"We Democrats believe in something else. We Democrats believe that we can make it all the way with the whole family intact, and we have more than once. Ever since Franklin Roosevelt lifted himself from his wheelchair to lift this nation from its knees -- wagon train after wagon train -- to new frontiers of education, housing, peace; the whole family aboard, constantly reaching out to extend and enlarge that family; lifting them up into the wagon on the way; blacks and Hispanics, and people of every ethnic group, and native Americans -- all those struggling to build their families and claim some small share of America. For nearly 50 years we carried them all to new levels of comfort, and security, and dignity, even affluence. And remember this, some of us in this room today are here only because this nation had that kind of confidence. And it would be wrong to forget that."
New York Governor Mario Cuomo
1984 Democratic National Convention
San Francisco, California
Former New York Governor Mario Cuomo's passing on New Year's Day from a longtime heart condition allowed him to hear son Andrew inaugurated for a second term as leader of the Empire State but was inopportune for purposes of remembrance. A great family man and political figure in the tradition of Catholic social activism, Cuomo was perhaps the foremost liberal figure of the Reagan/Bush era.
His keynote address at the 1984 Democratic National Convention in San Francisco was a ringing cry of opposition to the ascending conservatism of the time, stirring many of the delegates on hand and far more in the country at large to stand fast in defense of the New Deal programs of the 1930s and their successor programs as well.
Then New York Governor Mario Cuomo keynote address at the 1984 Democratic National Convention in San Francisco galvanized liberals in the Reagan/Bush era and raised expectations that he would become president himself.
I was at Moscone Center for Cuomo's famous speech, having represented Senator Gary Hart, the highly competitive runner-up for the presidential nomination that year, on the convention arrangements committee.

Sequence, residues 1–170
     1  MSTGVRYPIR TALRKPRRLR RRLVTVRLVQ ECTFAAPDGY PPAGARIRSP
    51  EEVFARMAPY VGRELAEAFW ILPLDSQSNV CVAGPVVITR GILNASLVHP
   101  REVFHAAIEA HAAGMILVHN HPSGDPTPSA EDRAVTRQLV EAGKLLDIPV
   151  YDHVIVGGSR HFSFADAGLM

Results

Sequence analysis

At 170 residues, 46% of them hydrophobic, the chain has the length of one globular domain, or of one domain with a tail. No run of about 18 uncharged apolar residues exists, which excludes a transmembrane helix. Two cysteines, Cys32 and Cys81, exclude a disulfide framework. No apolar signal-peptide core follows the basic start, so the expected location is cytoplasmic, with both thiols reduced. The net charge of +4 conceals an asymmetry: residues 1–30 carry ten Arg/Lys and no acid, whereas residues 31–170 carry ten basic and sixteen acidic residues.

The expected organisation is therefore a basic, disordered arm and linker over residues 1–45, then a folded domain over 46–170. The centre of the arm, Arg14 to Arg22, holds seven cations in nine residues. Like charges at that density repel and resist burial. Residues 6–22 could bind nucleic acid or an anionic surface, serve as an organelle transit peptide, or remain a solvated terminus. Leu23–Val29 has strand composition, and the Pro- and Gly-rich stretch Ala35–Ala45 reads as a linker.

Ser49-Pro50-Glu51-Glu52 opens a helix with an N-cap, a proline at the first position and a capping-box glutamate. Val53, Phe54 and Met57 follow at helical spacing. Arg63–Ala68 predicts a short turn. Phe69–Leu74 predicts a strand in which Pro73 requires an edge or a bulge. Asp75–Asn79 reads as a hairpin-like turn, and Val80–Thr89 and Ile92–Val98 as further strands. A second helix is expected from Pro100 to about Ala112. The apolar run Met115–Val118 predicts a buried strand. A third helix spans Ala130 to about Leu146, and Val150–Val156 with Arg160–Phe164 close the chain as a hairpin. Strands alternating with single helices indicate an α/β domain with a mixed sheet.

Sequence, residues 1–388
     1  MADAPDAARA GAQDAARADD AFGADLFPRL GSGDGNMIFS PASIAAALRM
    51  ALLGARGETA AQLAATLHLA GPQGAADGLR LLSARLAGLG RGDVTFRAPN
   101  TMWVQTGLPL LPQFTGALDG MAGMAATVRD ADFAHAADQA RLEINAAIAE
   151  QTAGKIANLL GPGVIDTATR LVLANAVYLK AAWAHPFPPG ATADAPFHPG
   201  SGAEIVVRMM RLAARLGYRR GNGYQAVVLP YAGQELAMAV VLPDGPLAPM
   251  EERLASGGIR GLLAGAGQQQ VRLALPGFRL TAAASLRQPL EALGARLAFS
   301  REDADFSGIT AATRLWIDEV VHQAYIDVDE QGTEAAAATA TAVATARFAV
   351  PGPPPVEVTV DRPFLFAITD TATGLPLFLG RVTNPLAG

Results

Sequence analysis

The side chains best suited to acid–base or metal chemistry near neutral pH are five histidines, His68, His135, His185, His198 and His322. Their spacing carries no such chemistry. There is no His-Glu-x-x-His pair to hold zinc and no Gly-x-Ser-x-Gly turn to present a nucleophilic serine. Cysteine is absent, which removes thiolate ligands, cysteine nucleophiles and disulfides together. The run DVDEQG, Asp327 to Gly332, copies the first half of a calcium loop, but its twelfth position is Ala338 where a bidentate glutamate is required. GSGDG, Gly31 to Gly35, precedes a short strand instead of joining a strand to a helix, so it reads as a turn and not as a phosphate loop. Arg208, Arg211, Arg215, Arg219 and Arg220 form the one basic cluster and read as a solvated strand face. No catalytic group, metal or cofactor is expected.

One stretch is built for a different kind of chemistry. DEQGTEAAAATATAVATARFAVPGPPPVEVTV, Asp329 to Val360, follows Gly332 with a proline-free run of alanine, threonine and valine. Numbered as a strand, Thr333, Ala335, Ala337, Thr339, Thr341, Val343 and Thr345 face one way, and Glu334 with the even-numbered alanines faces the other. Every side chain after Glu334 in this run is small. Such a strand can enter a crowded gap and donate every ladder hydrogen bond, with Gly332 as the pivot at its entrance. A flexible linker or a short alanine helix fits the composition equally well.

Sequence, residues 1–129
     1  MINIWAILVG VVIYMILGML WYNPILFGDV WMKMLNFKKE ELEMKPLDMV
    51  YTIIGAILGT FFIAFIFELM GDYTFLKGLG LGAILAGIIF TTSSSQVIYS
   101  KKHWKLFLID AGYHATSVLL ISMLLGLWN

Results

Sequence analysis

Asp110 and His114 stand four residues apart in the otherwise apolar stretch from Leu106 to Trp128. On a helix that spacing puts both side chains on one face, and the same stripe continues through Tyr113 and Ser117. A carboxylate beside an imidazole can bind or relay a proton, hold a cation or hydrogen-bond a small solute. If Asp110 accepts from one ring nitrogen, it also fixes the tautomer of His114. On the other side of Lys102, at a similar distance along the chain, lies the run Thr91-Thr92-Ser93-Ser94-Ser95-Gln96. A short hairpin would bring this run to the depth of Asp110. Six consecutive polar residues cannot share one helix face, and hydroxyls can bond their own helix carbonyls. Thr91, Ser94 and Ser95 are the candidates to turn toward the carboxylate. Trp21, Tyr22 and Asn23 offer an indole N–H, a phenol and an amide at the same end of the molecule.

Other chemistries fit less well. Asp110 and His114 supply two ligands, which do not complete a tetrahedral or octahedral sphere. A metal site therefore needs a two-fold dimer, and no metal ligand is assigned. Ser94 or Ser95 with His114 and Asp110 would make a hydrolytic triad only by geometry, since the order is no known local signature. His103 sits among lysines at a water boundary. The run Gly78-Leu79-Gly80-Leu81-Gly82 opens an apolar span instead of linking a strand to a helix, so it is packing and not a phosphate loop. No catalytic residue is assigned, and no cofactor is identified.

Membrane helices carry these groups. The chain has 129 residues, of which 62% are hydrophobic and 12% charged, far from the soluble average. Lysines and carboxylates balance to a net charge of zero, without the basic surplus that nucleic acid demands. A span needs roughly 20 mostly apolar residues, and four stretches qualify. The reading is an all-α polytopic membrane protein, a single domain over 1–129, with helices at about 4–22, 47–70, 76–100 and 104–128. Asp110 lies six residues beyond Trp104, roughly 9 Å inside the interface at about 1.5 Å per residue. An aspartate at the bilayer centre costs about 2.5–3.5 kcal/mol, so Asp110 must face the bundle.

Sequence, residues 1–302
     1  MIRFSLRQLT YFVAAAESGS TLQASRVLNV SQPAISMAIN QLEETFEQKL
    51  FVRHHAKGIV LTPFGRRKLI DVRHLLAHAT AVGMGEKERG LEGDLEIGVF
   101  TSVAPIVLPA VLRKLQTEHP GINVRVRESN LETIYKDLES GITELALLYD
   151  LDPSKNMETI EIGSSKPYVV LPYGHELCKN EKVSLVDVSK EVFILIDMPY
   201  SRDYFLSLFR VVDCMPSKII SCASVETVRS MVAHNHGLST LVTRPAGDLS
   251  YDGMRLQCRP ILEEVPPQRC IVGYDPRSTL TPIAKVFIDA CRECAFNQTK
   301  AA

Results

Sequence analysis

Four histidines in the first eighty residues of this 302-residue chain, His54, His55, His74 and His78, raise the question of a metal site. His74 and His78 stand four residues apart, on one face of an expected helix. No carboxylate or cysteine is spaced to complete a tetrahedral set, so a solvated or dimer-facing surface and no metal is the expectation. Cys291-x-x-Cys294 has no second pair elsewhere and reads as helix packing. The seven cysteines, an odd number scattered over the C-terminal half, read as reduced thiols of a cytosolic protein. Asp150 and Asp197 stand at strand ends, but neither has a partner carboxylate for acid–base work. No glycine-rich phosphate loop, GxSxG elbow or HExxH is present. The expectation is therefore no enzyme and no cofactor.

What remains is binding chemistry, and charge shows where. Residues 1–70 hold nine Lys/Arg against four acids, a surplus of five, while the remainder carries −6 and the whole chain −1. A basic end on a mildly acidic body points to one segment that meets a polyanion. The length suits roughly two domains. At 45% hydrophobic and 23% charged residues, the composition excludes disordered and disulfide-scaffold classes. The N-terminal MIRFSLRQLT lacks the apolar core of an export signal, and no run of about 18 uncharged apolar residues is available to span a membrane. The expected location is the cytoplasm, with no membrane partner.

The impact of Cuomo's speech, full of passion and purpose, was clear in real time. He was telling many if not most in the party what they wanted to hear. Stand fast amidst the winds of change. Be true to the established faith.
On one level, it was a wonderful message, urging liberals not to lose heart. On another level, it was a problematic message, urging fealty to an ossified view of the New Deal as dogma.
Franklin Roosevelt, in my view, was the greatest of our presidents and is my personal favorite (followed by Theodore Roosevelt, Lincoln, Jefferson, and Kennedy). FDR was not dogmatic in the least. He was a great improviser and experimenter, creating overlapping alphabet soup agencies in the evolving New Deal effort to bring America back after the near collapse of capitalism. In the process, America became more social democratic but not socialist.
FDR was firm in values and objectives, flexible and pragmatic as to means. As a result, he saved America from economic ruin and then guided it through the biggest war in world history, a multi-dimensional struggle in which a dogmatic approach would have guaranteed failure.
Roosevelt masterminded America's rise to the level of a dominant imperial power, just as his cousin Theodore had done earlier with regard to America becoming a great power. And he knew how to work a relationship with the Soviet Union, without which the war would have been far bloodier for the US, in ways his successors -- largely inept imperialists -- never grasped.
Mario Cuomo was a stalwart beacon for liberals in the time of Ronald Reagan. Yet he did not fulfill the dreams of the New York-centric media complex in going on to the presidency. He never actually tried.
Like some other really famous guys like Vladimir Putin and Deng Xiaoping and Tom Cruise, I met Cuomo but didn't know him. Still, I predicted in a memo for Hart, who led Cuomo and all others in the polls, that he would never run for president. In his life and work, he always stayed close to home, didn't travel much, focused almost entirely on domestic politics. Quite unlike the Presidents Roosevelt, also New York governors but figures who both cut their political eyeteeth in the then very consequential and expansive post of assistant secretary of the Navy.
But if Cuomo was not to be the president his East Coast cheerleaders hoped, not to be a visionary for a new time of complexity and challenge, he was something nearly as important and certainly as honorable.
A beacon for enduring core liberal values in a not infrequently wintry era. Reagan made conservatism seem inevitable. Cuomo helped many remember that it wasn't necessarily so.
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